Canon EF 200-400mm f/4L IS USM Extender 1.4X review: Canon's supertele marries flexibility with quality

Fortunately, the image stabilization helps a lot. For stationary subjects, I was able to shoot at 560mm at 1/40 sec. with blur-free results about half the time, even without leaning against walls, cars, or trees for stability. When the supermoon fortuitously arrived while I had the lens for testing, I shot handheld with my own 1.4x extender attached for a 784mm f8 configuration with consistently good results at 1/250 sec.

Vignetting is a minor but noticeable issue with the Canon EF 200-400mm f/4L IS USM Extender 1.4X, chiefly when shooting wide open. This shot was at 560mm, f5.6, 1/1,000 sec., at ISO 200.
Vignetting is a minor but noticeable issue with the Canon EF 200-400mm f/4L IS USM Extender 1.4X, chiefly when shooting wide open. This shot was at 560mm, f5.6, 1/1,000 sec., at ISO 200. Stephen Shankland/CNET

Sharpness diminished with my second-generation Canon 1.4x extender attached, but I was still impressed. And the hassle of putting on the extender, in particular with a lens this large, made me appreciate the convenience of having one built in all the more.

The lens, a member of Canon's high-end L-series family, is admirably sturdy, with seals to protect against water and dust. The operation of all the controls is easy, with comfortable ribbed rubber grips for zoom and focus.

On the lens barrel are a lot of switches for a lens. Closest to the camera is a switch to set the lens focus range -- either the full range, 2 to 6 meters, or 6 meters to infinity. Next to that switch is the autofocus setting: autofocus, manual focus, or the newer power focus, a movie-oriented feature that uses a motor to smoothly change the focus.

Mount Canon EF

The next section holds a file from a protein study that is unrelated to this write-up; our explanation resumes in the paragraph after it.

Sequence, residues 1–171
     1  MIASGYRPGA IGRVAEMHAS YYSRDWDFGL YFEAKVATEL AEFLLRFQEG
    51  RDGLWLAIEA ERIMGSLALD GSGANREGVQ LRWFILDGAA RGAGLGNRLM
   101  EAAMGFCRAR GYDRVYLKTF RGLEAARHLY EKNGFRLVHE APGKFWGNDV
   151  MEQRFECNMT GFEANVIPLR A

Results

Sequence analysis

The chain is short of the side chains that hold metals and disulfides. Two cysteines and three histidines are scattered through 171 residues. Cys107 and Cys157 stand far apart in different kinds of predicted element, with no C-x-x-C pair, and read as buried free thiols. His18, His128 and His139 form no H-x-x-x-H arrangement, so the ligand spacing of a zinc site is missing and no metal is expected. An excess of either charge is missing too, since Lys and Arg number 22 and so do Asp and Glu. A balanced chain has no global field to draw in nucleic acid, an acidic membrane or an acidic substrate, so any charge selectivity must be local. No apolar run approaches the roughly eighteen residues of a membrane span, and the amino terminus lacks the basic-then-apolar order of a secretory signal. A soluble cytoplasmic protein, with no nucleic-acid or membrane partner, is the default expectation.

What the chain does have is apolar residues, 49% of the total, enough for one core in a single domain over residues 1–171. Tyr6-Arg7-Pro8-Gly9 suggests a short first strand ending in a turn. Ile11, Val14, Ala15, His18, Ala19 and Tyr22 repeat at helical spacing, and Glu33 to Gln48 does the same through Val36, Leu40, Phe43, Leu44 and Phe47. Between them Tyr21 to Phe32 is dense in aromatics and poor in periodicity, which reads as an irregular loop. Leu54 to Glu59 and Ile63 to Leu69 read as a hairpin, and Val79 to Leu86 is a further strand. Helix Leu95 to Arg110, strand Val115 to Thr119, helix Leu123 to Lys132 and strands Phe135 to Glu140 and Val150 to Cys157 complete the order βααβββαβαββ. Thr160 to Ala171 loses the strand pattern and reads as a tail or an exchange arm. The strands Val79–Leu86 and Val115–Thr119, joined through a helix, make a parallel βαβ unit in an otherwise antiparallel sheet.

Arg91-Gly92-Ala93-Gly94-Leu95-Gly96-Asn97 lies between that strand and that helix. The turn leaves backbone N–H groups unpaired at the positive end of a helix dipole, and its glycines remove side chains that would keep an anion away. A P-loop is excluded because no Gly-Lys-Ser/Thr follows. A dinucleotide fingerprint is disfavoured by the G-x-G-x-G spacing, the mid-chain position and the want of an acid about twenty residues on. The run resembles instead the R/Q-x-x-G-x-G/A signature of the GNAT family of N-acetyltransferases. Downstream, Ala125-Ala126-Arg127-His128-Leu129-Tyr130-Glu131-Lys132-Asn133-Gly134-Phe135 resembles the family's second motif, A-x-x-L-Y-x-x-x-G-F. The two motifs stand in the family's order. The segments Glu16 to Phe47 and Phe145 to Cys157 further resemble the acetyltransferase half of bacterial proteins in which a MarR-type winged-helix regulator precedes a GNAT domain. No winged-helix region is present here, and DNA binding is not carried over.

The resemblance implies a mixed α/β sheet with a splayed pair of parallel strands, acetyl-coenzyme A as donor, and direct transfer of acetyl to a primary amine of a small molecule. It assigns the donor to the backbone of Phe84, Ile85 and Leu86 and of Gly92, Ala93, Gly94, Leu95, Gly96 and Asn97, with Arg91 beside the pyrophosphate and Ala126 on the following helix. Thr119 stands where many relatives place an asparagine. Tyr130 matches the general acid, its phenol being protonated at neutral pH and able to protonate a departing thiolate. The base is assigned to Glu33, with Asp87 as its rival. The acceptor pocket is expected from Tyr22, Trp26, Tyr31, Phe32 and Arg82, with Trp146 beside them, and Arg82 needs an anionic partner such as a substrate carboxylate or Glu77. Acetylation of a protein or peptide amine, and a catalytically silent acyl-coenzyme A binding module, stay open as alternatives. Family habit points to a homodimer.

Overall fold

Focal range 200-400mm without 1.4x extender; 280-560mm with extender
Aperture range f4 without extender; f5.6 with extender
Minimum focus distance 6.5ft/2m
Angle of view 6.2-12 degrees without extender; 4.4-8.8 degrees with extender
Elements 25 without extender, including fluorite and ultra-low dispersion glass; 33 with extender
Coating(s) fluorine on front and back elements for dirt resistance; SWC (subwavelength structure coating) to cut flare and ghosting
Filter diameter 52mm drop-in
Length 14.4 in./366mm
Diameter 5in/128mm
Weight 127.7oz/3620g
MSRP $11,799

Farther out on the barrel is the switch for choosing stabilization modes: 1 for full image stabilization, 2 for vertical-only stabilization for panning shots, and 3 for engaging stabilization only after you've pushed the shutter release button. Here you can also set a an autofocus preset that's useful when you can predict a subject's distance -- the point on a track where a race car comes into view, for example, or the watering hole on a safari.

The lens is well suited for sports and wildlife photographers who benefit from some flexibility. Those who specialize in birds might well be better off with Canon's 500mm or 600mm f4L lenses, perhaps augmented with a 1.4x telephoto extender. Birds, unless comfortable around humans, are generally small, fast-moving, and far away. That means the 200mm end of the 200-400mm lens' range isn't terribly useful, and f5.6 is a notch slower when you're at maximum telephoto.